Buckley was a one-man refutation of Hollywood's idea of a conservative. He was rising in the 1950s and early '60s, and Hollywood's idea of a conservative was still Mr. Potter, the nasty old man of "It's a Wonderful Life," who would make a world of grubby Pottersvilles if he could, who cared only about money and the joy of bullying idealists. Bill Buckley's persona, as the first famous conservative of the modern media age, said no to all that. Conservatives are brilliant, capacious, full of delight at the world and full of mischief, too. That's what he was. He upended old clichés.
This was no small thing, changing this template. Ronald Reagan was the other who changed it, by being a sunny man, a happy one. They were friends, admired each other, had two separate and complementary roles. Reagan was in the game of winning votes, of persuading, of leading a political movement that catapulted him to two terms as governor of California, the nation's biggest state, at a time when conservatives were seemingly on the defensive but in retrospect were rising to new heights. He would speak to normal people and persuade them of the efficacy of conservative solutions to pressing problems. Buckley's job was not reaching on-the-ground voters, or reaching voters at all, and his attitude toward his abilities in that area was reflected in his merry answer when asked what he would do if he won the mayoralty of New York. "Demand a recount," he famously replied. His role was speaking to those thirsting for a coherent worldview, for an intellectual and moral attitude grounded in truth. He provided intellectual ballast. Inspired in part by him, voters went on to support Reagan. Both could have existed without the other, but Buckley's work would have been less satisfying, less realized, without Reagan and his presidency, and Reagan's leadership would have been more difficult, and also somehow less satisfying, without Buckley.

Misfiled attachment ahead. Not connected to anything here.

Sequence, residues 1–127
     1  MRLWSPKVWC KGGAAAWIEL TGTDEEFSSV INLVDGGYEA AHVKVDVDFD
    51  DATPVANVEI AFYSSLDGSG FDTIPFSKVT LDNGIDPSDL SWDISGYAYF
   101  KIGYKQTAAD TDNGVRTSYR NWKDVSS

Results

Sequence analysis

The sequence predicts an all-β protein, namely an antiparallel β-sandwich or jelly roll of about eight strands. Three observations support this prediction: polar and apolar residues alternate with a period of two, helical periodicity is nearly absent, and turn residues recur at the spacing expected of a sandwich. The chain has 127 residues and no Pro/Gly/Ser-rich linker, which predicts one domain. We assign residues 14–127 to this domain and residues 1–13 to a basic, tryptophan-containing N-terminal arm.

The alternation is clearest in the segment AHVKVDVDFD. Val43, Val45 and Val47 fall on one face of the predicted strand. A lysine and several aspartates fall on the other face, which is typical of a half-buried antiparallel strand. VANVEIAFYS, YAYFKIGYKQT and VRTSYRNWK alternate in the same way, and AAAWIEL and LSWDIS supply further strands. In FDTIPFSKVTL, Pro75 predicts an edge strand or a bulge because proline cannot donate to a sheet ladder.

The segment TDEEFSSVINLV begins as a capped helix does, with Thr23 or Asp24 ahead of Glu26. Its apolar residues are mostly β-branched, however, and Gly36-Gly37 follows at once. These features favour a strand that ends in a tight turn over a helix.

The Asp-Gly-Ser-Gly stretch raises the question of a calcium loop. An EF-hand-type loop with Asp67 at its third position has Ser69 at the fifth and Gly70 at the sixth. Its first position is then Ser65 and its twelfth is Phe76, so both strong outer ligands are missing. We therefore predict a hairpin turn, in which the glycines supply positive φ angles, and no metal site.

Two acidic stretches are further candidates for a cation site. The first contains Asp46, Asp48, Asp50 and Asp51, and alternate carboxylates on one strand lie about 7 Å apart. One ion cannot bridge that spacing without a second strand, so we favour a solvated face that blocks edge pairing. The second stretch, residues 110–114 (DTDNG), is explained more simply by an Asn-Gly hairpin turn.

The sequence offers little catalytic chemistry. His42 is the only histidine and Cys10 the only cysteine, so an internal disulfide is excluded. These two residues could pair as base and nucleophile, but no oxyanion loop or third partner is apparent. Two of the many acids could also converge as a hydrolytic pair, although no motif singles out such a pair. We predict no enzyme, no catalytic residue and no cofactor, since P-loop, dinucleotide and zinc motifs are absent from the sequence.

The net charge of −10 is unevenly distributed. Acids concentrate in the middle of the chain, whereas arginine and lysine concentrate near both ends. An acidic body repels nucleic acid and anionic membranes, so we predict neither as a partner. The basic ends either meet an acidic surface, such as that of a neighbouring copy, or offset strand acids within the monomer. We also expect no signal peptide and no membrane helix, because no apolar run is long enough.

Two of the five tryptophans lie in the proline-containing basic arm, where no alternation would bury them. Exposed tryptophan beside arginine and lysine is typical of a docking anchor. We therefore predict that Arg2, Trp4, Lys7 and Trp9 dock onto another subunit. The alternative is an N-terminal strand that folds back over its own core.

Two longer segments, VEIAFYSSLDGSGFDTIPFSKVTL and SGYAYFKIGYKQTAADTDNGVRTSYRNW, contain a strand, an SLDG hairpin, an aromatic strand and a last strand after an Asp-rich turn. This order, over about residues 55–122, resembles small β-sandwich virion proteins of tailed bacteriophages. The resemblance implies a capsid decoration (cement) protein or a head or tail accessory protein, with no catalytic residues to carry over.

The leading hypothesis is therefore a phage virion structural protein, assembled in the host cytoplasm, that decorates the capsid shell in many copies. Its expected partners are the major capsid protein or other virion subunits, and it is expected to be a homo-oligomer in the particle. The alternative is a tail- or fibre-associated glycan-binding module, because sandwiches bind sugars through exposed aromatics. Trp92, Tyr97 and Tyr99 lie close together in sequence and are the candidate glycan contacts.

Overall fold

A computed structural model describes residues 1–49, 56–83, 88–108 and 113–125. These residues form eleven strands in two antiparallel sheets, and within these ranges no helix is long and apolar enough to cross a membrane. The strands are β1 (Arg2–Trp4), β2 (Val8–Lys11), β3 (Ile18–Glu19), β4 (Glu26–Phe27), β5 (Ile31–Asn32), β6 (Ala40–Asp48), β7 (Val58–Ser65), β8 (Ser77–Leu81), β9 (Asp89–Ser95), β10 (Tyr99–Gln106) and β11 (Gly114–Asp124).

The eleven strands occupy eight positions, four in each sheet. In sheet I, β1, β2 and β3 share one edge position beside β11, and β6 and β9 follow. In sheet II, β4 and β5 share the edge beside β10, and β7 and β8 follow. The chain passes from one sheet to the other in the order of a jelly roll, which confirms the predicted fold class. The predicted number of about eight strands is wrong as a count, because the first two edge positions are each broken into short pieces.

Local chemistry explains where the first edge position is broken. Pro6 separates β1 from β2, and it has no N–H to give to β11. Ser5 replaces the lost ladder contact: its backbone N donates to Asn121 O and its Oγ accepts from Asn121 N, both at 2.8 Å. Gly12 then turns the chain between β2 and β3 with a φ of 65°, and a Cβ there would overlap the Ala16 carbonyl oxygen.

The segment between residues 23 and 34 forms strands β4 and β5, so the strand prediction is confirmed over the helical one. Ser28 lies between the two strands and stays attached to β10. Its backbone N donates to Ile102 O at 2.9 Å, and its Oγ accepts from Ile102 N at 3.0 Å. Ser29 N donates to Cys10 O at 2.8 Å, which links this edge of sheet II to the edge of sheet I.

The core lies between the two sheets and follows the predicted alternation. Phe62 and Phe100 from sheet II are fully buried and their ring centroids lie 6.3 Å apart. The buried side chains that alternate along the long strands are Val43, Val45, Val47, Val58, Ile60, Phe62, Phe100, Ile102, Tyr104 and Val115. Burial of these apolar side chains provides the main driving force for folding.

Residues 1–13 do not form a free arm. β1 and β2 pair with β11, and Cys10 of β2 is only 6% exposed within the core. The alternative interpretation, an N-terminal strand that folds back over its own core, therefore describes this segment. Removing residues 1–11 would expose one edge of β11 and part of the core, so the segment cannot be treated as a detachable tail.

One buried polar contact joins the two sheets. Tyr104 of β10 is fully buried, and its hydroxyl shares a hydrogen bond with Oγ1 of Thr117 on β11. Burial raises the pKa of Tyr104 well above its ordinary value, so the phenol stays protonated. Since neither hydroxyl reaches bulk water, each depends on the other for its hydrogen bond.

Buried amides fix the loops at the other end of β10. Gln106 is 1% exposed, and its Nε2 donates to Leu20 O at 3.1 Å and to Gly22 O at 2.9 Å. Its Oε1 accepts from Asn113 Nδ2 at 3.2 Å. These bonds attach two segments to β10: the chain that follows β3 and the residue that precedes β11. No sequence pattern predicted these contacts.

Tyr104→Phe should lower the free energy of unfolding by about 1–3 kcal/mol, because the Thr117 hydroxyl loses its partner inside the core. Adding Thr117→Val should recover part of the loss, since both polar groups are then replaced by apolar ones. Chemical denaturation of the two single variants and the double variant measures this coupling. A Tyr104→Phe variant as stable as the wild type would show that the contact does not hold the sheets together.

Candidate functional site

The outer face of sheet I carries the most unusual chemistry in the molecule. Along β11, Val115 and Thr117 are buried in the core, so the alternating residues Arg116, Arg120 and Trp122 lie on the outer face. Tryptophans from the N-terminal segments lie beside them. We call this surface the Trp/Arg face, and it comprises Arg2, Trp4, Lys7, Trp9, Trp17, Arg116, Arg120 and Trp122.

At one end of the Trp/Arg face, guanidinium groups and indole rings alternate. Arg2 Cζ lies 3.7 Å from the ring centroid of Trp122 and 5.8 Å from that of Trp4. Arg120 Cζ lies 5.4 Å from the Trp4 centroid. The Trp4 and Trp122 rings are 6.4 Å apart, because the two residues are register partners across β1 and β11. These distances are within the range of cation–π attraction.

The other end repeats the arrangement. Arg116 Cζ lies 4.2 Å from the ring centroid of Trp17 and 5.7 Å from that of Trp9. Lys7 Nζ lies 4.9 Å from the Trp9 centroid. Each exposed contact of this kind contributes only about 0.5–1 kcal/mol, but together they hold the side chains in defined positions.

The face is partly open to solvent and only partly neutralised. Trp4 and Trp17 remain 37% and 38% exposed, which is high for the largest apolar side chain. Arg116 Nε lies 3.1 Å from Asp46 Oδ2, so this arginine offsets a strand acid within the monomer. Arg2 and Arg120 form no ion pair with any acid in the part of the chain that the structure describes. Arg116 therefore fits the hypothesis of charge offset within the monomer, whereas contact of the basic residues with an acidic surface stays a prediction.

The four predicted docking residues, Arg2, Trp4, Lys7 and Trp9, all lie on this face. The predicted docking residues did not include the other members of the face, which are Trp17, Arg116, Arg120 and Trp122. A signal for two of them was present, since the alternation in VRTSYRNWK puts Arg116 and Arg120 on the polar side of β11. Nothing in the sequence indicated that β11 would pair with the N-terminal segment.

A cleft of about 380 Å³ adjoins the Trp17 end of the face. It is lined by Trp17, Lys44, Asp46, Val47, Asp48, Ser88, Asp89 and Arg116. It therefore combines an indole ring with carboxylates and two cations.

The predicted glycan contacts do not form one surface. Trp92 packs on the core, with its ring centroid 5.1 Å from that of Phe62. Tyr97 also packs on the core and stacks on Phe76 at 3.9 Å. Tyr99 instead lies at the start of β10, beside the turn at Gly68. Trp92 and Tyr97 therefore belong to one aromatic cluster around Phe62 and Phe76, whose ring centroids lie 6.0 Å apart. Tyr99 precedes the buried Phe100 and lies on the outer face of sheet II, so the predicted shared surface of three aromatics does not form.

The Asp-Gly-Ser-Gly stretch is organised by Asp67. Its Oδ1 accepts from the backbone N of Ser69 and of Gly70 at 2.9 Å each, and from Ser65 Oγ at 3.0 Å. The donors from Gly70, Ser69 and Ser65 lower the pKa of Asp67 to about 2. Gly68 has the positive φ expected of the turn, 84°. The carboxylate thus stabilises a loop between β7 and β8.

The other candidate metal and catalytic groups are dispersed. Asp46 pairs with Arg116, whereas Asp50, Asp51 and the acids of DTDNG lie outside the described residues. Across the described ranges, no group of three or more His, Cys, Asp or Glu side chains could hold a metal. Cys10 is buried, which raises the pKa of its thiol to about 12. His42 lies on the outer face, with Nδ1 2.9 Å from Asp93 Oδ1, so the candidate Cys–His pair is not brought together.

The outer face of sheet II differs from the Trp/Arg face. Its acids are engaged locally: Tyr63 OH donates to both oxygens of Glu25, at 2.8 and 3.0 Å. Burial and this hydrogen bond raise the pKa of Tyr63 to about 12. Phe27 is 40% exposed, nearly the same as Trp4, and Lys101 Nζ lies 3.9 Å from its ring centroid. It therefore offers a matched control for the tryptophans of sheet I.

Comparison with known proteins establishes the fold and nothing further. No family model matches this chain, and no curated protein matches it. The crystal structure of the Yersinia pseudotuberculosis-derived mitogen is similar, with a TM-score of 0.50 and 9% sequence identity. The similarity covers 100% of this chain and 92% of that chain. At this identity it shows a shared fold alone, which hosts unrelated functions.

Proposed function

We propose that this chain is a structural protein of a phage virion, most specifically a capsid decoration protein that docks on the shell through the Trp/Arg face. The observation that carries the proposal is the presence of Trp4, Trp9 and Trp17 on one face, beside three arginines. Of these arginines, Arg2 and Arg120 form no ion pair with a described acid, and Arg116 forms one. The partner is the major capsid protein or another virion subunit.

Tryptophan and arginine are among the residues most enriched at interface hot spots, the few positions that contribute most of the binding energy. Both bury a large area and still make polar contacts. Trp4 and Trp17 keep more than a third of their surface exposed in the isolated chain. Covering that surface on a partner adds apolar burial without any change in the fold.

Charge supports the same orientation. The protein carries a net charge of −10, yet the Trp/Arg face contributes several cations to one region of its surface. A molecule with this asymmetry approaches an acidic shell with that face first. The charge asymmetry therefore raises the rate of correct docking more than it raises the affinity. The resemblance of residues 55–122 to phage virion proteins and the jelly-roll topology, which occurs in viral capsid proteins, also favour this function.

I share here a fear. It is not that the conservative movement is ending, that Bill's death is the period on a long chapter. The house he helped build had - has - many mansions. Conservatism will endure if it is rooted in truth, and in the truths of life. It is.
It is rather that with the loss of Bill Buckley we are, as a nation, losing not only a great man. When Jackie Onassis died, a friend of mine who knew her called me and said, with such woe, "Oh, we are losing her kind." He meant the elegant, the cultivated, the refined. I thought of this with Bill's passing, that we are losing his kind - people who were deeply, broadly educated in great universities when they taught deeply and broadly, who held deep views of life and the world and art and all the things that make life more delicious and more meaningful. We have work to do as a culture in bringing up future generations that are so well rounded, so full and so inspiring.
Bill Buckley lived a great American life. His heroism was very American - the individualist at work in the world, the defender of great creeds and great beliefs going forth with spirit, style and joy. May we not lose his kind. For now, "Good night, sweet prince, and flights of angels take thee to thy rest."
Copyright 2008 - The Wall Street Journal
William F. Buckley has passed away.
He will be missed. Some folks have been speaking a lot about his debate with Chomsky (which was indeed interesting), but I think this clip from the Panama Canal Treaty Debates in 1978 is even better.
Rest In Peace...
A much greater cautionary tale...
Obama of the North: The cautionary tale of Pierre Elliott Trudeau.
By: Lionel Chetwynd
03/03/2008, Volume 013, Issue 24